CROSS-REFERENCE TO RELATED APPLICATIONS:
 This application claims priority to U.S. Provisional Patent Application No. 61/975,284 filed on Apr. 4, 2014 and the entire contents of which are incorporated herein by reference.
FIELD OF THE INVENTION
 The present invention relates to data communication systems and protocols utilized in such systems.
BACKGROUND OF THE INVENTION
 Data communication systems are used to exchange information between devices. The information to be exchanged comprises data that is organized as strings of digital bits formatted so as to be recognizable by other devices and to permit the information to be processed and/or recovered.
 The exchange of information may occur over a publically accessible network, such as a communication link between two devices, or over a dedicated network within an organization, or may be between two devices within the same dedicated component, such as within a computer or point of sale device.
 The devices may be relatively large computer systems, telecommunication devices, cellular phones, monitoring devices, sensors, electronic wallets and smart cards, and a wide variety of devices that are connected to transfer data between two or more of such devices. A large number of communication protocols have been developed to allow the exchange of data between different devices. The communication protocols permit the exchange of data in a robust manner, often with error correction and error detection functionality, and for the data to be directed to the intended recipient and recovered for further use.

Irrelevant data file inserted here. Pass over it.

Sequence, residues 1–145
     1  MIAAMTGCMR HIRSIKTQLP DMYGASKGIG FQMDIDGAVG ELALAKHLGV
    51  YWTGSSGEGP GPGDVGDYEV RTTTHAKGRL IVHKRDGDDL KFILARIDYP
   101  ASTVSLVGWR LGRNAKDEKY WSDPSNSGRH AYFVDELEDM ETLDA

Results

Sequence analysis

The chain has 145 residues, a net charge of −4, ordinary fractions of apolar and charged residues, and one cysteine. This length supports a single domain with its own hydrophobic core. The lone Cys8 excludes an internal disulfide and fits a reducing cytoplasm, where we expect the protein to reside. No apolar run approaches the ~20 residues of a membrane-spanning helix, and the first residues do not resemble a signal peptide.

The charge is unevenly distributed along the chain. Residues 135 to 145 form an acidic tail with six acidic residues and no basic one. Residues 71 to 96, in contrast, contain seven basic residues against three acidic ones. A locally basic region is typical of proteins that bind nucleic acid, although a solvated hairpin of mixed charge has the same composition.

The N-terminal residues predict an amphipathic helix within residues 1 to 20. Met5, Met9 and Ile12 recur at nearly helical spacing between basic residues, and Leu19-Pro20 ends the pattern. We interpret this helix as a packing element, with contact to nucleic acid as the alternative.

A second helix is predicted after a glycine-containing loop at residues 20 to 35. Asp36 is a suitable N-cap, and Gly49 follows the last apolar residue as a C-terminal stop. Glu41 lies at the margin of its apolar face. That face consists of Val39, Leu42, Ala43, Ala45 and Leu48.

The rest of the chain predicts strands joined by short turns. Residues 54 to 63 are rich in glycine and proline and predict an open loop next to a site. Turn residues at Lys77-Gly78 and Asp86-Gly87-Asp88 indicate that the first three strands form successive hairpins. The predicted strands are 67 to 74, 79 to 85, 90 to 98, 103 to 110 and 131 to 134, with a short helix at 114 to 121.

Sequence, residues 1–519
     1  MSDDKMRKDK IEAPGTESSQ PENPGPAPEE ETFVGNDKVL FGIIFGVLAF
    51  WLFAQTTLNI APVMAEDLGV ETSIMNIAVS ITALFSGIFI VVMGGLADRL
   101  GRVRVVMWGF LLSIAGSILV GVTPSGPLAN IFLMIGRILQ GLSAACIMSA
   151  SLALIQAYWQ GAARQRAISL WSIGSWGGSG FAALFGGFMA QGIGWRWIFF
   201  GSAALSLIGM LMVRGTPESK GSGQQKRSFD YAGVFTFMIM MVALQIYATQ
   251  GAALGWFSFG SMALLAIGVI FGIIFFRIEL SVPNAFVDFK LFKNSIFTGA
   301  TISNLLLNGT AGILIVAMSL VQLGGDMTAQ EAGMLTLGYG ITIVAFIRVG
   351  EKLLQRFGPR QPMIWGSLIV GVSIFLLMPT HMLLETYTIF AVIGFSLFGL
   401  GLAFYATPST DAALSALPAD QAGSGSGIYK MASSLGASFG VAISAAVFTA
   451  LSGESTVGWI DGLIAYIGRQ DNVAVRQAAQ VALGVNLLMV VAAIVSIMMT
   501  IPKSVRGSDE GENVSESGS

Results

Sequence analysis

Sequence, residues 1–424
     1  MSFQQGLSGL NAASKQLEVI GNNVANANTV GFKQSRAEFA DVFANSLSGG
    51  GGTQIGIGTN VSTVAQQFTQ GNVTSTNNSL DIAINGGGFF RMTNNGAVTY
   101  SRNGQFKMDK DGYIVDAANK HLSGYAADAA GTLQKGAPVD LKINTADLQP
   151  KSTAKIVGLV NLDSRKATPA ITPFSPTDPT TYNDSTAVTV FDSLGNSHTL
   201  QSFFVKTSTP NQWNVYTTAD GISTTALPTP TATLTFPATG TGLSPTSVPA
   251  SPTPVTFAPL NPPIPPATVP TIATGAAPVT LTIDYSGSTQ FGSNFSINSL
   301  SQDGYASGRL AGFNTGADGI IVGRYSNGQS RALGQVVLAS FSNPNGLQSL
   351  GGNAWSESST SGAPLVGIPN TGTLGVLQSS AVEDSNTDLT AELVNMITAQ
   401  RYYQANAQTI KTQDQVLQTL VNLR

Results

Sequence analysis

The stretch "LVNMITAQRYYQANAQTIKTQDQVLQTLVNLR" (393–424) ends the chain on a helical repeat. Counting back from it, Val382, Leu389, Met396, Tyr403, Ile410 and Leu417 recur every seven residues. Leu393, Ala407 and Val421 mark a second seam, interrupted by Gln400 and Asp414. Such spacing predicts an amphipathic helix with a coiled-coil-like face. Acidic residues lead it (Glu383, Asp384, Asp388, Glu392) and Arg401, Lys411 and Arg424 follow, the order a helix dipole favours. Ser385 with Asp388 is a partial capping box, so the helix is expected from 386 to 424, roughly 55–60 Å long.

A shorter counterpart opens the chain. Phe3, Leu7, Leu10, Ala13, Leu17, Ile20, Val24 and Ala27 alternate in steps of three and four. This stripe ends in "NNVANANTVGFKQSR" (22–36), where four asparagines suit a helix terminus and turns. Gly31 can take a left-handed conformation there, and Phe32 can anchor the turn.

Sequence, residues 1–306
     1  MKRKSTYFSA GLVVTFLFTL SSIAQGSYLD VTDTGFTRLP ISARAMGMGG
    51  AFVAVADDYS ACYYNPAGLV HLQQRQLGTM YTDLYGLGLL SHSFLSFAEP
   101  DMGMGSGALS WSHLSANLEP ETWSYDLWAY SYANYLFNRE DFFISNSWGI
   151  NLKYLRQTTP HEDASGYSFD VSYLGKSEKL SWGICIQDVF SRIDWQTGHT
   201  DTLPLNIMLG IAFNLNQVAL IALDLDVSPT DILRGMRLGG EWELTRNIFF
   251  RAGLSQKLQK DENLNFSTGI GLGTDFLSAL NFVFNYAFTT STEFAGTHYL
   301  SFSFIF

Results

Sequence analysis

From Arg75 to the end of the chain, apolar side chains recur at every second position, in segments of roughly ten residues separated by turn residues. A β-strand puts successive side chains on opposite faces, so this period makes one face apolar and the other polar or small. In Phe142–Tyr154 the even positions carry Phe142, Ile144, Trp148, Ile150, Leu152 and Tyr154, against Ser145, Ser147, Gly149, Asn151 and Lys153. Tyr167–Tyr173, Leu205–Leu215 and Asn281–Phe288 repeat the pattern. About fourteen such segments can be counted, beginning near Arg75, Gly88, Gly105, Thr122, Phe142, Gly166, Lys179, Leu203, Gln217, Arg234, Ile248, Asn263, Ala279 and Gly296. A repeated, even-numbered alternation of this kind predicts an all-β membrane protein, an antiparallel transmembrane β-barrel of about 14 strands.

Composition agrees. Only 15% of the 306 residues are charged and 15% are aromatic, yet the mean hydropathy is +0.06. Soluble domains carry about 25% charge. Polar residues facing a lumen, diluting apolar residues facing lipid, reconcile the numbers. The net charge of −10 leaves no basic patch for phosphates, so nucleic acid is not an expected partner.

Because the data may be accessible to other devices, it is vulnerable to interception and/or manipulation. The sensitive nature of the information requires that steps are taken to secure the information and ensure its integrity.
 A number of techniques, collectively referred to as encryption protocols, have been developed to provide the required attributes and ensure security and/or integrity in the exchange of information. These techniques utilize a key that is combined with the data.
 There are two main types of cryptosystems that implement the protocols, symmetric key cryptosystems and asymmetric or public key cryptosystems. In a symmetric key cryptosystem, the devices exchanging information share a common key that is known only to the devices intended to share the information. Symmetric key systems have the advantage that they are relatively fast and therefore able to process large quantities of data in a relatively short time, even with limited computing power. However, the keys must be distributed in a secure manner to the different devices, which leads to increased overhead and vulnerability if the key is compromised.